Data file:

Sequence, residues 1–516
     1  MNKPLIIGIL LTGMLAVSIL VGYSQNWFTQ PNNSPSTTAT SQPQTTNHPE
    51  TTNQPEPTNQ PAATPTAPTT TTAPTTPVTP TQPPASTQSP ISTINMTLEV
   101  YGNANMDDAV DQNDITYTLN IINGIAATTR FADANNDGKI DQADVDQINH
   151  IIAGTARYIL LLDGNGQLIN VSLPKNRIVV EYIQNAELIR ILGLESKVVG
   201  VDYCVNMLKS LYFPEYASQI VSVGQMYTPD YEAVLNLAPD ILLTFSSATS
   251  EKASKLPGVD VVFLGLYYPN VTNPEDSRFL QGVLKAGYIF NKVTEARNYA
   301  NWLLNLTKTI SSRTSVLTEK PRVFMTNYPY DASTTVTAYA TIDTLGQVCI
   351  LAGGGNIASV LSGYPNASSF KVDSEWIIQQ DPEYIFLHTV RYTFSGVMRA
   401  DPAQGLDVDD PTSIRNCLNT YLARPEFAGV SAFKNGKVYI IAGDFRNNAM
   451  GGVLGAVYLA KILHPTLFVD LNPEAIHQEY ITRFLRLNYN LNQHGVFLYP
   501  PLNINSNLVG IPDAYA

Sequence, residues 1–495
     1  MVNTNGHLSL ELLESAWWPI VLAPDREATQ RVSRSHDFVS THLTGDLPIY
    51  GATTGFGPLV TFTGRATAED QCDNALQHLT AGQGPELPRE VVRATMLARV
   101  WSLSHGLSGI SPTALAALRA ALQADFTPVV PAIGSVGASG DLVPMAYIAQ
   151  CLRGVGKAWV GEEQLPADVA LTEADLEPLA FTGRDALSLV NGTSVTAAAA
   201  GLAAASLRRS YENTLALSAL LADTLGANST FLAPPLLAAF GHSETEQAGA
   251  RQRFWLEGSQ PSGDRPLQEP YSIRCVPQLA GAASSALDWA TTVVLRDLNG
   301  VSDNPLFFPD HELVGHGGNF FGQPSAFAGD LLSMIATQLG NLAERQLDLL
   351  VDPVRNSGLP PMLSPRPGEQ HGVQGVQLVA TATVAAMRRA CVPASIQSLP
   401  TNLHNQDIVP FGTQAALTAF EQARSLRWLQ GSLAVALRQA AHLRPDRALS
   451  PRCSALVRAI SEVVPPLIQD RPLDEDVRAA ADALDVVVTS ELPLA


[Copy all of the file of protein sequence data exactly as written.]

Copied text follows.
Sequence, residues 1–516
     1  MNKPLIIGIL LTGMLAVSIL VGYSQNWFTQ PNNSPSTTAT SQPQTTNHPE
    51  TTNQPEPTNQ PAATPTAPTT TTAPTTPVTP TQPPASTQSP ISTINMTLEV
   101  YGNANMDDAV DQNDITYTLN IINGIAATTR FADANNDGKI DQADVDQINH
   151  IIAGTARYIL LLDGNGQLIN VSLPKNRIVV EYIQNAELIR ILGLESKVVG
   201  VDYCVNMLKS LYFPEYASQI VSVGQMYTPD YEAVLNLAPD ILLTFSSATS
   251  EKASKLPGVD VVFLGLYYPN VTNPEDSRFL QGVLKAGYIF NKVTEARNYA
   301  NWLLNLTKTI SSRTSVLTEK PRVFMTNYPY DASTTVTAYA TIDTLGQVCI
   351  LAGGGNIASV LSGYPNASSF KVDSEWIIQQ DPEYIFLHTV RYTFSGVMRA
   401  DPAQGLDVDD PTSIRNCLNT YLARPEFAGV SAFKNGKVYI IAGDFRNNAM
   451  GGVLGAVYLA KILHPTLFVD LNPEAIHQEY ITRFLRLNYN LNQHGVFLYP
   501  PLNINSNLVG IPDAYA

Sequence, residues 1–495
     1  MVNTNGHLSL ELLESAWWPI VLAPDREATQ RVSRSHDFVS THLTGDLPIY
    51  GATTGFGPLV TFTGRATAED QCDNALQHLT AGQGPELPRE VVRATMLARV
   101  WSLSHGLSGI SPTALAALRA ALQADFTPVV PAIGSVGASG DLVPMAYIAQ
   151  CLRGVGKAWV GEEQLPADVA LTEADLEPLA FTGRDALSLV NGTSVTAAAA
   201  GLAAASLRRS YENTLALSAL LADTLGANST FLAPPLLAAF GHSETEQAGA
   251  RQRFWLEGSQ PSGDRPLQEP YSIRCVPQLA GAASSALDWA TTVVLRDLNG
   301  VSDNPLFFPD HELVGHGGNF FGQPSAFAGD LLSMIATQLG NLAERQLDLL
   351  VDPVRNSGLP PMLSPRPGEQ HGVQGVQLVA TATVAAMRRA CVPASIQSLP
   401  TNLHNQDIVP FGTQAALTAF EQARSLRWLQ GSLAVALRQA AHLRPDRALS
   451  PRCSALVRAI SEVVPPLIQD RPLDEDVRAA ADALDVVVTS ELPLA